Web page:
Hannah Green in action on day two of the Evian Championship at Evian Resort Golf Club, Evian-les-Bains, France. Picture: Stuart Franklin/Getty Images
Hannah Green in action on day two of the Evian Championship at Evian Resort Golf Club, Evian-les-Bains, France. Picture: Stuart Franklin/Getty Images

Kemp and Kirk lead Aussie charge at Evian Championship

SYDNEYSIDER Sarah Kemp has made her first major cut of 2019 at the year's penultimate major, the Evian Championship Evian-les-Bains, France.

Kemp made the only eagle of the week on a par-four by holing out from the fairway on 17 on Saturday (AEST), before putting an exclamation mark on her second round two-under 69 with a birdie at the par-five last.

Kemp is joined at one-under for the tournament by Katherine Kirk, the duo leading the Australian charge heading into the weekend of the year's penultimate major.

They sit nine back of outright leader Mi Hyang Lee, but with some wild weather forecast for the next 48 hours some solid golf could close that gap quickly.

Lee's fellow Koreans Hyo Joo Kim, Inbee Park and world No.1 Sung Hyun Park are one stroke back at nine-under.

"I was a couple inside the cut line and thought I just needed one more, maybe on 18 with the tee up a bit today," Kemp said.

"On 17, I just hit it to the corner and hit a 50-degree wedge up there.

"I couldn't see the pin, and I didnt know it went in until the people up there started going crazy.

"Then on 18, a five-wood isn't easy from that fairway with that lie, the ball below your feet, but I said ''let's do it'."

Kemp's unbelievable fortnight in Barwon Heads and Adelaide in February earned her starts in all four majors of the year so far - and a ticket to next week's AIG Women's British Open.

"I've been close, I played pretty well in the teams event last week with my partner Janet," Kemp said.

"I just need more of the same stuff over the weekend, I'm hitting the ball well. Lots of fairways, lots of greens. Maybe make a few more putts would be nice."

Countrywoman Kirk's road to the weekend has been moderately more routine, the Queenslander backing up her opening round 70 with an even-par 71 on day two.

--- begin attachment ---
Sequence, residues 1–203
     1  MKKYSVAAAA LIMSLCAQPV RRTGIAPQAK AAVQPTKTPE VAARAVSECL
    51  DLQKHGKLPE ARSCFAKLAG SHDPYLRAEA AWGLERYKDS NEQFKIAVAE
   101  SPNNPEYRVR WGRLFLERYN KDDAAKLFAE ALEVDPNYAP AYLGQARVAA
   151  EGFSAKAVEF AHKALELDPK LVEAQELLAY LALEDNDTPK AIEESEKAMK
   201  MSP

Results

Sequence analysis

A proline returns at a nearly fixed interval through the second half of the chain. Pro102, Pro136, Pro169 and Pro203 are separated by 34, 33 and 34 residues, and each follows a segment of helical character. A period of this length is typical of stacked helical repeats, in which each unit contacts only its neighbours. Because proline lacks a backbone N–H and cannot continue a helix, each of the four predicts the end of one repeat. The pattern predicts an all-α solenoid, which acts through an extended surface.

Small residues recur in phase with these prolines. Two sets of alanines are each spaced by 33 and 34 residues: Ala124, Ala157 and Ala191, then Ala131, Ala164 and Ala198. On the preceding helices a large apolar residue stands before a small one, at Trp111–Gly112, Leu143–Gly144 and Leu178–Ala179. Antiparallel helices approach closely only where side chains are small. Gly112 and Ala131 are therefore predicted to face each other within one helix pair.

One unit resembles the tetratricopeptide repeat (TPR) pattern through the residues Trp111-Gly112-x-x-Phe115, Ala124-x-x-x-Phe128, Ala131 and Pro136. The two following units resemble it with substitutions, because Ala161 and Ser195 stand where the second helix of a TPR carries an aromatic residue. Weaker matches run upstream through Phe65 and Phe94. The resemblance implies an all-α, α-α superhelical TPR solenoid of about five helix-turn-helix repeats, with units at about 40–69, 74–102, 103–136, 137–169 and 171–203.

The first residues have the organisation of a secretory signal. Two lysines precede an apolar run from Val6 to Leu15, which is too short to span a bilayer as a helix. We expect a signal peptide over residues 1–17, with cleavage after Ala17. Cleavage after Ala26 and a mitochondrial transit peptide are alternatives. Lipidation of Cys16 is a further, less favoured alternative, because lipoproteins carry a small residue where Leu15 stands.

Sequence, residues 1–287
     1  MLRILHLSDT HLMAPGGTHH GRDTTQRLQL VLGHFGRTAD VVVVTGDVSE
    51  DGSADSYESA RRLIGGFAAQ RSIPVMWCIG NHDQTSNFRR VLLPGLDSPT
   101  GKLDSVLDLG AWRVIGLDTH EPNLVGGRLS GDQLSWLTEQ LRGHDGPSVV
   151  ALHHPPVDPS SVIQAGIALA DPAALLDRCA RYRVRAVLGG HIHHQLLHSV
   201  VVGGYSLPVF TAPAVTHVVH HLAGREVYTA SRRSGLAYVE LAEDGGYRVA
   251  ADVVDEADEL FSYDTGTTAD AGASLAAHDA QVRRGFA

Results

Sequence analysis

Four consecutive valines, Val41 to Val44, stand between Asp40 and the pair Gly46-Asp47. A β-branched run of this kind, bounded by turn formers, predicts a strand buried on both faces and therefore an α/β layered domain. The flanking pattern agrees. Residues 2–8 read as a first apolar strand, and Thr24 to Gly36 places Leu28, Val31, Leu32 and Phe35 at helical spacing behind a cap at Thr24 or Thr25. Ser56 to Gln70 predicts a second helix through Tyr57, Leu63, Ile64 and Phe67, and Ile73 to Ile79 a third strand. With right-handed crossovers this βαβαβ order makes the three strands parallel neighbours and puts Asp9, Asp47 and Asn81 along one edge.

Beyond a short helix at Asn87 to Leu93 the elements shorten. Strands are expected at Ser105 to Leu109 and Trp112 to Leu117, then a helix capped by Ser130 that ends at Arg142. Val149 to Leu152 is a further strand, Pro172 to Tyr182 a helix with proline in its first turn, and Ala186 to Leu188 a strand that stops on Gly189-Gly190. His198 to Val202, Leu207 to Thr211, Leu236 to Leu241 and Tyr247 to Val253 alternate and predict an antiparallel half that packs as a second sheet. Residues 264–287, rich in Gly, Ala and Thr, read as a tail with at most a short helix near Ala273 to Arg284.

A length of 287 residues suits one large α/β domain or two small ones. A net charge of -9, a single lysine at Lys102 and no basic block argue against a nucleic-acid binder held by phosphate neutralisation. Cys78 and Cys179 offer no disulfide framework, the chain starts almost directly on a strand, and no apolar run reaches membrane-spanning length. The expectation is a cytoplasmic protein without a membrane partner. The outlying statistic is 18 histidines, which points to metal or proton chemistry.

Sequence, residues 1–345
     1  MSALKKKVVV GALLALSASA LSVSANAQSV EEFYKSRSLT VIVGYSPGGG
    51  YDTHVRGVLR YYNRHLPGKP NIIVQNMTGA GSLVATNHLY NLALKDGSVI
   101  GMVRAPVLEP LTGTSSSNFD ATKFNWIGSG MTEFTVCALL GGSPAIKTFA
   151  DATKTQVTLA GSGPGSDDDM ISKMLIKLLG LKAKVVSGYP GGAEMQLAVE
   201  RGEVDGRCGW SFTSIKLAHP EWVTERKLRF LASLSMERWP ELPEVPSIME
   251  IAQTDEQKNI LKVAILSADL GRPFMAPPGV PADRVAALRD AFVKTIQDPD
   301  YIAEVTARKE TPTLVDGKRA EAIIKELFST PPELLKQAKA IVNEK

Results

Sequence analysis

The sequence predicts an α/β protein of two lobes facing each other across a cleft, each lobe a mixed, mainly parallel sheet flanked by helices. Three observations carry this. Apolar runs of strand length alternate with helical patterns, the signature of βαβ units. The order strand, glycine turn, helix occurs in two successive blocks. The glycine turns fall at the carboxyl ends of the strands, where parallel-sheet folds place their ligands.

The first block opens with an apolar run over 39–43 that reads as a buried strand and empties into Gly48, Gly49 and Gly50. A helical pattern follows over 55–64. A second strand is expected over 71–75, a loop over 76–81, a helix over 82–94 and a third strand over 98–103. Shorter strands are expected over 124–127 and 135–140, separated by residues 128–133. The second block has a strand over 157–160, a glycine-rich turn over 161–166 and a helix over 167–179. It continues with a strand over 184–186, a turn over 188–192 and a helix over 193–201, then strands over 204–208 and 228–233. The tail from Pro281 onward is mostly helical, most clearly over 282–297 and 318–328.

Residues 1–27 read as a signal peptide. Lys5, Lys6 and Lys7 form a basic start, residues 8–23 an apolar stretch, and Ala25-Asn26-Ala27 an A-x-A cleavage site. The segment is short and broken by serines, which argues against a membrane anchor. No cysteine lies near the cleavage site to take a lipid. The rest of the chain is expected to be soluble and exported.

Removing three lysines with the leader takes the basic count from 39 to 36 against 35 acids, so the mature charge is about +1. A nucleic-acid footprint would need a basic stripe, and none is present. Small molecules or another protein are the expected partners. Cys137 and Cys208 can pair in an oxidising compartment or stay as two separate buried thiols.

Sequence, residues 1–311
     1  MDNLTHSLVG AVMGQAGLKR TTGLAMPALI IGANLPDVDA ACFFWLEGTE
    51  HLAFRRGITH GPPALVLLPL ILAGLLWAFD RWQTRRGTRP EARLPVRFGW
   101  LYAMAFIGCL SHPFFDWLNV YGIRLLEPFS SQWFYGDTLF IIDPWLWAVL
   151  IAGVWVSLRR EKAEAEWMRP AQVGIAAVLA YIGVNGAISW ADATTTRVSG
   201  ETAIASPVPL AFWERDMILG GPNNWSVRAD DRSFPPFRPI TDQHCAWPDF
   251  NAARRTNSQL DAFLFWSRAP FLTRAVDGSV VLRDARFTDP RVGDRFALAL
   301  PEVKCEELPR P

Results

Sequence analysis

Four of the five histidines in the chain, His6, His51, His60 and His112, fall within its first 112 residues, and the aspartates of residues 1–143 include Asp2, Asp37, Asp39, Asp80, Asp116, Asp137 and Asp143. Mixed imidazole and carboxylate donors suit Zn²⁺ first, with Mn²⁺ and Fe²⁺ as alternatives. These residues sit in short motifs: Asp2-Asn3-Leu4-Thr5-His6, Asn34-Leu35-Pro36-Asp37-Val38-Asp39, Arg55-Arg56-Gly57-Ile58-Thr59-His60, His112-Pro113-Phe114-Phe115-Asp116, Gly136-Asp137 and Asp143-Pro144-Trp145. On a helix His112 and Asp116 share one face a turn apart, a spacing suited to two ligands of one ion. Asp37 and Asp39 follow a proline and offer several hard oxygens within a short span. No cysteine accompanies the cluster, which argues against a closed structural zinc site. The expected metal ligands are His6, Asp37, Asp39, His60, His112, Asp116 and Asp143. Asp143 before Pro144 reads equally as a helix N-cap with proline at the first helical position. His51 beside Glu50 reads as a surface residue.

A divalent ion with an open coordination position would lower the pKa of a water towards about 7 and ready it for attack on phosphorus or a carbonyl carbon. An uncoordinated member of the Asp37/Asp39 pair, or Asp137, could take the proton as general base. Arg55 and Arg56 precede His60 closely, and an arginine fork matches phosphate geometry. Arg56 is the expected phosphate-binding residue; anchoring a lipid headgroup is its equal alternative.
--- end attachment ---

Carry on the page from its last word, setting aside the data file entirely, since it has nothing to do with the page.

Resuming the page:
Eight pars and a beautiful up-and-down from a bunker for birdie on the par-five 15th was exactly what the doctor ordered on the way back to the clubhouse

"I thought I actually played a little bit better today, I just didnt make any putts," Kirk said.

"Just one of those days so I'm happy where I'm at. The bogeys that I made were basically from missing the fairways,

"It wasn't easy out there, I don't think you'll see crazy low scores out there today."

Fellow Australian Su Oh carded a two-under-69 second round to be one-over for the tournament, where she sits one shot ahead of reigning Women's PGA champion Hannah Green, who signed for a second straight one-over 72.

Australian world No.4 Minjee Lee missed the cut, finishing at four-over.

Green's back nine began with a par and ended with one too.

But it's what happened in between that tells the story of how the 23-year-old reigning Women's PGA champion overcame a weather delay, some loose shots and a different kind of pressure to make the Evian Championship cut.

"I was just doing my scorecard then, I looked at all the squares and the circles and was like 'Wow, that was pretty interesting from 11 onwards!'" Green said after signing for a second straight one-over 72.

A birdie at the par-four 11th took Green to one-over-par for the tournament, a number that at that point looked like enough to ensure Green would make the cut.

But then the reigning Women's PGA champion collapsed out of nowhere, making bogey on 12 after a bad lie just off the fairway, before back-to-back three-putts at 13 and 14.

Suddenly, Green had slumped to four-over for the week with a battle on her hands.

From the par-five 15th fairway, Green lasered a three-wood over the right-hand trap, her ball turning hard left down the slope and trickling to no more than four feet.

"I asked my caddie what line to hit it on and I was like 10 feet further right than that," Green said.

"I heard a few claps and was walking up there and I saw one right near the pin.

"I knew Jin Young's went left and 'six' was right so I realised it was mine. Then I was really surprised how few claps there was!"

As though unsatisfied with the modest response from the Evian galleries, Green did her best to draw some life out of them on the very next tee.

Green's short iron into the par-three 16th split the green and curled barely 60cm behind the back of the cup.

She had no more than three feet for birdie when air horns rang out across Evian Resort, signalling a postponement of play for lightning.

She wasn't allowed to practice during the delay but when play resumed, Green proved that would have been unnecessary.

The West Australian converted for birdie to climb back to one-over for the tournament, but the drama didn't stop there.

Green's three-wood off the tee drifted left into a fairway bunker, her second coming up 25m short.

Ten feet for par proved to be too far, the world No.25 making bogey and needing par at the last.

Green gave herself a birdie putt from the back fringe to the back-right pin and while it didn't drop, she'd done enough to make the cut in her first event after a month off tour.

"I really wanted to make the cut. Especially in my first tournament back and playing with two major champs, there certainly was pressure," Green said.

"I'm just really happy that I parred the last. I felt like today, I didnt hole that many putts, so that'll be key for me the next two days... hopefully."

The rain finally arrived as Green walked out of the scorer's hut, those on course now forced to deal with the worst conditions of the week so far on their way back to the clubhouse.


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